Kissing is a mania here. Everyone kisses everyone hello and goodbye, a single, chaste peck on the cheek, or a quick press of the faces while kissing the air. Less elaborate and more widespread then the double or triple kiss European greeting, you can greet pretty much everyone this way, even if you’ve never met them before. Apparently it´s not the done thing to kiss your dentist though. Or your dustman. And my landlady looked a little taken aback when I kissed her. It’s hard for non-Argentinians to pull this off with a natural air, but the porteňos do it with an easy grace that’s delightful to see. Women kiss men, men kiss men, women kiss women, children kiss everyone. When I arrive at the community centre in La Boca where I’m helping with after-school English classes (in the loosest possible sense: the kids colour and play snap, while I encourage them to name the colours of their crayons and the animals on their snap cards in English), the children offer their lovely grubby little faces up for a kiss. And if they forget to do it again when they leave, Roxana, the stoical centre coordinator, chides them to ‘saludenle al seňor’. That´s not a mistake: teachers of both sexes are addressed here as seňor, which Anne, the American teacher who works alongside me and I both find immensely amusing and endearing.
I´m getting vaguely into the rhythm (is that spelt right, Steve?!) of the porteňo lifestyle, though it´s beyond me how these people get enough sleep to survive. Work seems to start at 9 or 9.30ish (though punctuality isn’t sacrosanct or even particularly desirable: as I was advised by the owner of the tango centre when I went for my solitary tango lesson and arrived before the teachers: “If you want to blend in and become more argentina , you have to learn to be late!”). There’s no afternoon siesta. You eat dinner at 10 or 11 at night, then go for drinks afterwards. If you want to dance, no self-respecting Buenos Aires-dwelling club-goer would arrive before 2.30. The clubs are open until 6 or 7 in the morning and then of course there are the after-parties. While people claim it isn’t so, my theory is that they must snatch a life-saving catnap after work and before dinner. Otherwise this is a zombie city of the waking dead. I haven’t ventured into the club scene, but even a couple of consecutive nights arriving home at 4.30 after various jazz, tango, flamenco and drumming events have left me feeling like a husk hollowed out by wakefulness. You’ve got to admire their stamina.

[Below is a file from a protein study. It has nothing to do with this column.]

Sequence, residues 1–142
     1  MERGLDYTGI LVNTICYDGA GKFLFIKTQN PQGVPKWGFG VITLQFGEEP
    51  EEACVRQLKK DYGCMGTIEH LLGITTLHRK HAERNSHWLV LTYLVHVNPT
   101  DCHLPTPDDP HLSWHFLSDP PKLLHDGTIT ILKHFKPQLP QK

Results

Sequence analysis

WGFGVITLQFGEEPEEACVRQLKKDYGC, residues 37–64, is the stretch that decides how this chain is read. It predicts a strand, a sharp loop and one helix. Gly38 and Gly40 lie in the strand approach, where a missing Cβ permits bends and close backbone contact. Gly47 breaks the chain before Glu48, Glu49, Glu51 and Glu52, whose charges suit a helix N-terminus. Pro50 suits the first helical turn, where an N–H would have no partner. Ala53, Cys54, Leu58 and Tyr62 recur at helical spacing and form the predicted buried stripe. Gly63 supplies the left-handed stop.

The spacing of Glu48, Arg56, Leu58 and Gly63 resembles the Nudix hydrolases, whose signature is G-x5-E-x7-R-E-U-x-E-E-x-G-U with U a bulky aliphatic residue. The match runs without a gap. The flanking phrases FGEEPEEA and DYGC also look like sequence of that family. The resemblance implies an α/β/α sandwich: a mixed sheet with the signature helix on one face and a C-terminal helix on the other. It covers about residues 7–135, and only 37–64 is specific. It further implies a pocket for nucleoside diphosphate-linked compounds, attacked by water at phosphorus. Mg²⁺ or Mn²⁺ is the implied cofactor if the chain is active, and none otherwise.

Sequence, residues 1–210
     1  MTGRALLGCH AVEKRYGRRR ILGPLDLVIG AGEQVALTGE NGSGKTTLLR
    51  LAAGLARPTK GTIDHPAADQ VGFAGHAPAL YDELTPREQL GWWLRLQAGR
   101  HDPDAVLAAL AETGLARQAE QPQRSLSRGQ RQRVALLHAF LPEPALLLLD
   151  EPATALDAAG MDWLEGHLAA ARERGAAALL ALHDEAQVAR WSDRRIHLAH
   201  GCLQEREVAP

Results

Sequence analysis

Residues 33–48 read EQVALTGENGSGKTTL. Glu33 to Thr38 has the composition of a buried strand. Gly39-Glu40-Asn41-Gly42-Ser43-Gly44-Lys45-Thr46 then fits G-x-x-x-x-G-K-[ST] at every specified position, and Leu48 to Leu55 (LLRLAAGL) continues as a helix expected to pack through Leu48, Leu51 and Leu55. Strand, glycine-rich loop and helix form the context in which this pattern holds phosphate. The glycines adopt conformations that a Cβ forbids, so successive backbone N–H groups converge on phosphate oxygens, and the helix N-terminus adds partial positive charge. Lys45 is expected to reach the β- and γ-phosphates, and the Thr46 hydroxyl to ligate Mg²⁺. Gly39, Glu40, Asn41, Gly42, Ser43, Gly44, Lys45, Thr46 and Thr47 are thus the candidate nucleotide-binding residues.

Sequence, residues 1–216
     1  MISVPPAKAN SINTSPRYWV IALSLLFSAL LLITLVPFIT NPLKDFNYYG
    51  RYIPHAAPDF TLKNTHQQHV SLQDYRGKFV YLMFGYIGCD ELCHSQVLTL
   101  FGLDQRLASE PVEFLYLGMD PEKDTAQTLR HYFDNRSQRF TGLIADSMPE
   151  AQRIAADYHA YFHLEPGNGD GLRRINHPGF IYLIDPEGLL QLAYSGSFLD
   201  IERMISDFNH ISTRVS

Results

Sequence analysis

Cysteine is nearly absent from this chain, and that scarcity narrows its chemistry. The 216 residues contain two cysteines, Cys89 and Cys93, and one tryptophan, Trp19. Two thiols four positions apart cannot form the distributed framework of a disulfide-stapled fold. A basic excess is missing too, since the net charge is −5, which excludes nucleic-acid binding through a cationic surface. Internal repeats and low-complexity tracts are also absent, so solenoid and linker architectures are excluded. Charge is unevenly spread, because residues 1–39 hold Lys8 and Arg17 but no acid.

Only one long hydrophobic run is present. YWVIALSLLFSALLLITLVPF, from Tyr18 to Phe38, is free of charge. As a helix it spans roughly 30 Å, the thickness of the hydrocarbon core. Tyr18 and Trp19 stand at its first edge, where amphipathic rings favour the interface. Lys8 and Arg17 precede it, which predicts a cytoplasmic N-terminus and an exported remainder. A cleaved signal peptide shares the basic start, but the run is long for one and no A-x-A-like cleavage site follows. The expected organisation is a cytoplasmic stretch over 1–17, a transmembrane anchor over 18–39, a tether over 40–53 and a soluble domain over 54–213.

Along with the kisses and the late nights, another constant feature of BA, a sad and depressing one, is the cartoneros (rubbish pickers). These unfortunate people quarry the rubbish bags left out in the streets every night for cardboard, paper and bottles to sell to recycling companies on the fringes of the city. It’s an organised industry and there are said to be around 100,000 cartoneros in BA. It’s horrible to see people, including young children, systematically trawling through rubbish in search of their livelihood. The first time I saw a professional cartonero, I couldn’t work out what he was doing: a young, very cool man resting his arm on a supermarket trolley-full of folded cardboard, nonchalantly chain smoking (a packet costs a mere 3 or 4 pesos). You can of course argue that it gives people an income who otherwise would have nothing – and even that it contributes to the environment by recycling materials that would otherwise go straight into landfill – but it´s a dirty fact of life here that is painful to see.
If you liked this, you might be interested in some of my other musings on life in Buenos Aires …
- Other aspects of the darker side of life in Argentina’s capital
- Street life and street crime in Buenos Aires
- Evita and Recoleta, Buenos Aires’ famous cemetery
- The lighter side of life – How to tie your shoelaces in Buenos Aires!